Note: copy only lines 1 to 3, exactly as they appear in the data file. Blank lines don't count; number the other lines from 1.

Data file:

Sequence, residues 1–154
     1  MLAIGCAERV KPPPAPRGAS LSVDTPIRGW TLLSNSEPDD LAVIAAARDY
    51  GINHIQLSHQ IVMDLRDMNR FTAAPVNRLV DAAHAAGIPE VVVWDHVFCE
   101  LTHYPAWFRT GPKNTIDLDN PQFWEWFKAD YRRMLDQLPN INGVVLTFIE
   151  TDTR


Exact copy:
Sequence, residues 1–154
     1  MLAIGCAERV KPPPAPRGAS LSVDTPIRGW TLLSNSEPDD LAVIAAARDY
    51  GINHIQLSHQ IVMDLRDMNR FTAAPVNRLV DAAHAAGIPE VVVWDHVFCE